We are witnessing history today. What could be more historic (pediatrically) than a paradigm shift in the management of the infection encountered almost hourly by the pediatrician, otitis media? This shift, and the rationale behind it, is spelled out clearly in the article by Richard Rosenfeld in this month's Pediatric Annals and in his commentary in the November 2004 issue of Pediatrics. J Other excellent articles in this issue, organized by Dr. David Darrow, provide additional insights regarding hearing loss and the draining ear in children.
The big story (and a long awaited and overdue one, in my opinion) is sanction of the option for initial observation without antibiotics of acute otitis media (AOM), particularly in children at least 2 years old with nonsevere symptoms or with an uncertain diagnosis of AOM. It is estimated that about two-thirds of the tonnage of antibiotics prescribed to treat AOM can be avoided; this should result in less antibiotic-related diarrhea, vomiting, rashes, and allergic reactions, including anaphylaxis.
The major benefit to society of this strategy should be to reduce the pressure on our microbial flora to develop antibiotic resistance and to increase the likelihood that when serious bacterial infections occur they are caused by less resistant organisms. This strategy has become official policy in the Netherlands and Sweden, and more recently in the state of New York. It contributes substantially to the very low rates of pneumococcal resistance to beta-lactam agents, for example, in the Netherlands.
The pipeline for the development of new classes of antibiotics is rather slim at this time. The reasons are complex but include the fact that pharmaceutical companies can bring in much more money with a new lipid-lowering agent or antihypertensive. It is a fact that new antimicrobial agents may not be available to deal with some infections, if increasing resistance patterns continue to evolve. Eliminating unnecessary antibiotics for patients with uncomplicated viral illnesses and identifying situations in which there are high rates of spontaneous resolution (as in AOM) should help to reduce somewhat our need for new classes of antimicrobial agents.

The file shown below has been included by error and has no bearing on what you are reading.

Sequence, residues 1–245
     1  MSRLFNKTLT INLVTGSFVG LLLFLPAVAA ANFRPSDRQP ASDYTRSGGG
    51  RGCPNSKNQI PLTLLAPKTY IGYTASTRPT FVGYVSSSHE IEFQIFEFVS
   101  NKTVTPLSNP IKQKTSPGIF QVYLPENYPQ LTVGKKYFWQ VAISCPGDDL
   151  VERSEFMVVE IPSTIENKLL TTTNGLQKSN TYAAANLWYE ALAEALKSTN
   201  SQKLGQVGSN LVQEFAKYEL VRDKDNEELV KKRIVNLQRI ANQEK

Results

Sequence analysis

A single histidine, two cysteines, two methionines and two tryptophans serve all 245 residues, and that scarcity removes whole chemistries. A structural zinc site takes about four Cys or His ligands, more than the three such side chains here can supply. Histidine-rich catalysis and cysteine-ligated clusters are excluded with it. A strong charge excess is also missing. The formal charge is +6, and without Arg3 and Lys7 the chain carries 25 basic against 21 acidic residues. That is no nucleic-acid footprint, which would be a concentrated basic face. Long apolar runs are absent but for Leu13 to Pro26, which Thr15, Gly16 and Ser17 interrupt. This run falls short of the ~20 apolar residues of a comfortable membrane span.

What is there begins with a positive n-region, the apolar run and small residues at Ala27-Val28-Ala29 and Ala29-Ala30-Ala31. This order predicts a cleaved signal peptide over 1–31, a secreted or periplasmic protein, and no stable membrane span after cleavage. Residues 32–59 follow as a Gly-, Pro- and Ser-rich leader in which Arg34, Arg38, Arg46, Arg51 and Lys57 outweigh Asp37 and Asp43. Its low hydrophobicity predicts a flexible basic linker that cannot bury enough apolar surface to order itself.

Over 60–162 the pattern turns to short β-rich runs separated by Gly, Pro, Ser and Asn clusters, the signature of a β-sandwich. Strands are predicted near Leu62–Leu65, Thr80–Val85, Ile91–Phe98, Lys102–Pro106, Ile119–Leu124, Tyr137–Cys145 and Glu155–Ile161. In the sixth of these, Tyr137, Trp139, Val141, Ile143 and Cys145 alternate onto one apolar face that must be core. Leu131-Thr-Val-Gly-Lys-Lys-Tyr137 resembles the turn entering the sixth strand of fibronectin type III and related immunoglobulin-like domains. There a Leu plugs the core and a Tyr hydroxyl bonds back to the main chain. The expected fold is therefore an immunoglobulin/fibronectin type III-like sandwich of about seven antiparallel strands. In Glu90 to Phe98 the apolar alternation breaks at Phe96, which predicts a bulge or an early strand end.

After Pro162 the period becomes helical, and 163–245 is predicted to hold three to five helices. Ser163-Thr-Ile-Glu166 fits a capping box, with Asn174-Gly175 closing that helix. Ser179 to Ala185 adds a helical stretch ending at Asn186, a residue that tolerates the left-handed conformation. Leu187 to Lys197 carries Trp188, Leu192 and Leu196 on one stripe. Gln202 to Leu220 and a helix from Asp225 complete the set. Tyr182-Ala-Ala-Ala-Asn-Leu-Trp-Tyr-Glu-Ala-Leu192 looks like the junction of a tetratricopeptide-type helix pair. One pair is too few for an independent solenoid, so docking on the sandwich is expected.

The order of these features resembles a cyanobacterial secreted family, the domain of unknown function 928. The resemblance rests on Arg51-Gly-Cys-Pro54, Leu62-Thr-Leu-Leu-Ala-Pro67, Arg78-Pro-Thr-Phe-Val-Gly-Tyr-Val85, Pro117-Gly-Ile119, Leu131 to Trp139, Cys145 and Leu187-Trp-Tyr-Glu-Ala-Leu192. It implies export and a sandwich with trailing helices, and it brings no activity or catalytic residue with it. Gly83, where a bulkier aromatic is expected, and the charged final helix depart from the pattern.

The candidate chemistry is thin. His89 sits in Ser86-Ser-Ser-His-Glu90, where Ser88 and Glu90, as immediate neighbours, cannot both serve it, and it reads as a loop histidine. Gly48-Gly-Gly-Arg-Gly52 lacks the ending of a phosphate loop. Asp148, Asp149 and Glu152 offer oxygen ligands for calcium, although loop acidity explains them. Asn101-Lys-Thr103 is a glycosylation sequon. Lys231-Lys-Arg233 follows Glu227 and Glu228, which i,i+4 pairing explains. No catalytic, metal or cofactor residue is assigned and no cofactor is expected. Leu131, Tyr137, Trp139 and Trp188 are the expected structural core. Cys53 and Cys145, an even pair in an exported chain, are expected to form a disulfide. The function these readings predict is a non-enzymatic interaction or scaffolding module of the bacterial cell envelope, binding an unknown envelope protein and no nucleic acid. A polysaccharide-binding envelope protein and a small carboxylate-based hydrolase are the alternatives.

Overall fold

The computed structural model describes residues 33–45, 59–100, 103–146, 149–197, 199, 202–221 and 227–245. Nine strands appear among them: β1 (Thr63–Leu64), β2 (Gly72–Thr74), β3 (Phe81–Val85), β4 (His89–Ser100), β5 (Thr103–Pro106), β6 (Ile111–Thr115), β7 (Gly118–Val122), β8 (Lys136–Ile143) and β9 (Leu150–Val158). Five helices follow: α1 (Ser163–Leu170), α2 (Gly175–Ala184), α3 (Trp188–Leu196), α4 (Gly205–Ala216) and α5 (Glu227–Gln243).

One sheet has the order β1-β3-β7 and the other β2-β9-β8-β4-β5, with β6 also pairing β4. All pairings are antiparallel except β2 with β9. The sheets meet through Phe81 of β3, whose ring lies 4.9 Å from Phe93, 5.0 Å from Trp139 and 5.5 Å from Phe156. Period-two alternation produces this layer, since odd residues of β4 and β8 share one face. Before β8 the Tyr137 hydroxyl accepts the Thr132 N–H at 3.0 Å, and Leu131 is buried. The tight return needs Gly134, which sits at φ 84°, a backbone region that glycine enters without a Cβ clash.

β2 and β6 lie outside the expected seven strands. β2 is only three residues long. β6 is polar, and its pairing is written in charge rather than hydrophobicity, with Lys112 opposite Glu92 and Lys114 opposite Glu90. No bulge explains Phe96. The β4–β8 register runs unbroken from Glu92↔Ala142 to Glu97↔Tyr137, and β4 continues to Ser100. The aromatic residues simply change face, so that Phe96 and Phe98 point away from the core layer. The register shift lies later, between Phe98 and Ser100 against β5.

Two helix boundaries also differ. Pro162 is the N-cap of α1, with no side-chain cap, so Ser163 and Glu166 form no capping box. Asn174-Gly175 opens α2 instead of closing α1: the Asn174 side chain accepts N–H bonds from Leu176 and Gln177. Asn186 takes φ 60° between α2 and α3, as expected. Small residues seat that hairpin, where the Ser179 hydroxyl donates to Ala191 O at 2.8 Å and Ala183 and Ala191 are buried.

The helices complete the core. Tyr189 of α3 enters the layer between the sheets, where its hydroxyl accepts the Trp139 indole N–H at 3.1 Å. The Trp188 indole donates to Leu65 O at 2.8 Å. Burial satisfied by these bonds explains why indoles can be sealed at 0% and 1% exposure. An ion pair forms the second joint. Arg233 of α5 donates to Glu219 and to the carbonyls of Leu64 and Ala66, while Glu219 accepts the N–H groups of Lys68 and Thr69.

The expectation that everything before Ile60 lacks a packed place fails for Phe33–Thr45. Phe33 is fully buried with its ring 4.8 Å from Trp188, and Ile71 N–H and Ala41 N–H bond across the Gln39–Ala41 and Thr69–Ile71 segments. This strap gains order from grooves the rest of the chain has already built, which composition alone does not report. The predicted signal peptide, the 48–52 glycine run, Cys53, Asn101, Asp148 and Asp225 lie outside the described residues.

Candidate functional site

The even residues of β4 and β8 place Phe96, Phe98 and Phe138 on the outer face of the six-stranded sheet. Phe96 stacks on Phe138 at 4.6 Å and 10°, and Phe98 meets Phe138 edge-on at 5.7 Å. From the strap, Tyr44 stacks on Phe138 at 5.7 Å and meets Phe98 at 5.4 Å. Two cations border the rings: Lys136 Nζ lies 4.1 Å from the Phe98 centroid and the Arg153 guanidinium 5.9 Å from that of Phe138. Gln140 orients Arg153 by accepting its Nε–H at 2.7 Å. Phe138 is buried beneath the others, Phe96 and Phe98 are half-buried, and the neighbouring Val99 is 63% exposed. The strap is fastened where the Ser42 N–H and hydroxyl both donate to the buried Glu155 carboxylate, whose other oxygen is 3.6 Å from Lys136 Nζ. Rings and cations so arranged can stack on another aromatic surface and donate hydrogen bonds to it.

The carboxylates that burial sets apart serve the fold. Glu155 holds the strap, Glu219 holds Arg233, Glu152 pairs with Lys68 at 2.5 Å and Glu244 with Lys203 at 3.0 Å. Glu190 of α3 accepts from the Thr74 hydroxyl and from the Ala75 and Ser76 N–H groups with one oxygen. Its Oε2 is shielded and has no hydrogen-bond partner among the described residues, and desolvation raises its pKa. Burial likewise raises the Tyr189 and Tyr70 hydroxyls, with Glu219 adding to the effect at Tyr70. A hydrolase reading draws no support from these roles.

Because very few earrelated stamps are available, I instead have selected four stamps with an antiAIDS theme -December 1 being World AIDS Day. Two of the stamps feature very unusual shapes. The triangular and round stamps are from the Ivory Coast (West Africa), from 2003. They portray a symbolic AIDS or HIV under attack, "Ensemble contra le SIDA" or "All against AIDS." The Indonesian stamp and the one from Wallis and Fortuna also exhort people to protect themselves against AIDS.
1. Rosenfeld RM. Otitis, Antibiotics, and the Greater Good. Pediatrics 2004; 114 (5): 1333-1 335.